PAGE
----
17 Feb The 2015 figures are in; continuing growth for European aviation

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Last year we presented our first infographic on aviation growth. As the figures on 2015 emerge we can update the data. The 2.2% increase in aircraft movements in 2015 was significantly bigger than the increase of 1.7 % reported over 2014. Even more impressive when you consider the 5.2% increase in number of passengers to a total of 1.95 billion. This has mainly been achieved through bigger aircraft and higher load factors. What about Norwegian for example whose aircraft were on average 87% full.

The crown for the biggest growth achieved by a top ten airport in 2015 goes to Madrid Barajas with a 12% increase. On our home market Amsterdam Schiphol kept its top five position with a record number of 58,3M passengers, 30% of which intercontinental. Schiphol remains the airport with the highest sustainable hourly capacity in Europe and as such is perfectly capable of hub operations. To continue on the current growth path there remains a need for additional ground infrastructure, terminal capacity and improved landside accessibility.

Aviation Growth

Strong strategy alignment beneficial for growth?

Last year we reported Istanbul Atatürk as the biggest growing airport. In 2015 it became the 3rd busiest airport in Europe, surpassing both Amsterdam Schiphol and Frankfurt. Impressive considering both airports reported record passenger numbers in the same year. Atatürk is aligning its strategy with Turkish Airlines, which is already serving more countries than any other airline adding 20 new destinations per annum and are increasing frequencies to key markets. They benefit from a large and increasingly mobile home market, with over 77 million potential travellers.

Can strategy alignment turn sour?

But a strong strategic alliance between airport and airline can also become a main concern, like the dependency between Schiphol and KLM. The Dutch weekly Elsevier reported in October last year that 70% of all passengers (and 90% of all transfer passengers) using Schiphol were customers of Air France/KLM or one of the Skyteam partners. Like any close relationship, partners have a huge influence on each other. This is good, as long as its beneficial to both. It can also block progress, when Emirates airlines was granted a second slot for an A380 direct flight from Dubai to Amsterdam it led to discussions and even a petition by KLM personnel last month. Labour conflicts last summer at Air France immediately caused concern and political debate about the impact for Schiphol. The general discussion quickly turned to possibilities for an independent KLM or merger with a different non-European partner.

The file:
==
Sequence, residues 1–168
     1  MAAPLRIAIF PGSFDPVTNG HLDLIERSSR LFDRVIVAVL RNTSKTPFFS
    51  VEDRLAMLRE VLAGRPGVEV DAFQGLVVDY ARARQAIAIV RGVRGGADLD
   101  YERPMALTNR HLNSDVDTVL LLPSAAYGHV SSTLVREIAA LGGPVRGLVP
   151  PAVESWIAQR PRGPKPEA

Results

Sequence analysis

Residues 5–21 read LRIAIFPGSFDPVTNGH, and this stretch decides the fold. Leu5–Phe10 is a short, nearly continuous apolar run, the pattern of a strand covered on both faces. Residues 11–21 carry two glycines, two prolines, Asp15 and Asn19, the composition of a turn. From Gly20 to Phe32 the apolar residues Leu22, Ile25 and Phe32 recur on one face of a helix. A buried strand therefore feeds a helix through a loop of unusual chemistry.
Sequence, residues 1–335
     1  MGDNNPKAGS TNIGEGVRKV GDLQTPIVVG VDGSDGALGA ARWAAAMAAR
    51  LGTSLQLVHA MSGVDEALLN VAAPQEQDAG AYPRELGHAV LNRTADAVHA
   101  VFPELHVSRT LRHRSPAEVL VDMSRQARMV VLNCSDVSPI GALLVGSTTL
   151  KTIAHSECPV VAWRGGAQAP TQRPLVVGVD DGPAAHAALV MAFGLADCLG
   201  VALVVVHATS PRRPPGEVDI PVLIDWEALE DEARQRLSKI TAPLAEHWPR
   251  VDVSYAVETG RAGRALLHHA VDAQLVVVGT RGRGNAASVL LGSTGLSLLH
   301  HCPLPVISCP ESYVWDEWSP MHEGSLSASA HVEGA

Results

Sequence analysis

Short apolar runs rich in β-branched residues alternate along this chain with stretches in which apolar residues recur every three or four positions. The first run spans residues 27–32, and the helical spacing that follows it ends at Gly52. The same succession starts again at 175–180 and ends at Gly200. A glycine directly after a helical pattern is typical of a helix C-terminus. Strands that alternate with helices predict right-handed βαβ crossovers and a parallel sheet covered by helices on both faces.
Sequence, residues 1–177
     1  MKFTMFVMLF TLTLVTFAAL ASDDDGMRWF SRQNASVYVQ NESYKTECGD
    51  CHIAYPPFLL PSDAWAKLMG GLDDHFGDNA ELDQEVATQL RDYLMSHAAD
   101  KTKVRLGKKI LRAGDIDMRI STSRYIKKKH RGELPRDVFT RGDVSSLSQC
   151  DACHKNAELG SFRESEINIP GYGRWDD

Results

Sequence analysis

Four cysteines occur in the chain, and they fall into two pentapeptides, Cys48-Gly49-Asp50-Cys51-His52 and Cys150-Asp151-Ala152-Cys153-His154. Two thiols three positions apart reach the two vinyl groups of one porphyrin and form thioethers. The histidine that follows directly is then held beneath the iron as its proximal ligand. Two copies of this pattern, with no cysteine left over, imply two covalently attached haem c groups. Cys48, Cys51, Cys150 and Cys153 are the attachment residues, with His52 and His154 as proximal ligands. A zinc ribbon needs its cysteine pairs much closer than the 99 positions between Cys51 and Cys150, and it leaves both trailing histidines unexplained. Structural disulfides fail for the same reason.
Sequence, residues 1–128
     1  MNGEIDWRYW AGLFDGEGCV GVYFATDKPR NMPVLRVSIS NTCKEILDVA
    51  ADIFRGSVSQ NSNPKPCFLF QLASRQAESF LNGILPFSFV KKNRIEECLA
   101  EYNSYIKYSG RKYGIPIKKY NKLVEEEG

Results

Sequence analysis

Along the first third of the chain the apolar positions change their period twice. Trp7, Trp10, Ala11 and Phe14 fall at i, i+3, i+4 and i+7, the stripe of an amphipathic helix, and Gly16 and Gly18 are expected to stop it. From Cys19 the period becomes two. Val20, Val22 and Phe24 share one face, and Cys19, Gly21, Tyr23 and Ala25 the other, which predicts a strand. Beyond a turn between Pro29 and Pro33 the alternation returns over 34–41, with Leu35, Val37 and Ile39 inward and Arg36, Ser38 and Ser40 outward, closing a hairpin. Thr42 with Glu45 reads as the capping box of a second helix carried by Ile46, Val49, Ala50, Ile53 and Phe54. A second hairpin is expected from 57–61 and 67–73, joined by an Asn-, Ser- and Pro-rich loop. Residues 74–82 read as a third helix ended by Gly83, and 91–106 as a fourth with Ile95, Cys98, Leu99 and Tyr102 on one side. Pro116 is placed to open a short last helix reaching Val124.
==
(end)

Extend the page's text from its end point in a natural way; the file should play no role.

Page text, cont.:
The future will tell whether strong the strategy alignment like Istanbul Atatürk and Turkish Airlines remains beneficial. In a period of fast growth this certainly seems to be the case. The example of KLM and Schiphol shows all the signs of an old married couple; after almost 100 years still very much in love, but also bickering at every change.

About To70. To70 is one of the world’s leading aviation consultancies, founded in the Netherlands with offices in Europe, Australia, Asia, and Latin America. To70 believes that society’s growing demand for transport and mobility can be met in a safe, efficient, environmentally friendly and economically viable manner. For more information please refer to www.to70.com

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Ruud Ummels
Ruud Ummels
Having spent six years in the Asia-Pacific region, working for both airport operators, as well as aviation authorities and air navigation service providers, I have helped deliver significant traffic growth at airports such as Melbourne, Singapore, Dubai, Taipei, Sydney, Guangzhou and Manila. A partner at To70 since 2011, I also contributed in our international expansion by setting up offices in Bangkok, São Paulo, Shanghai and Singapore. In the last two years my focus has shifted back to Europe working on airport and airspace planning and optimisation projects and expanding our business to Belgium, Switzerland and the UK.
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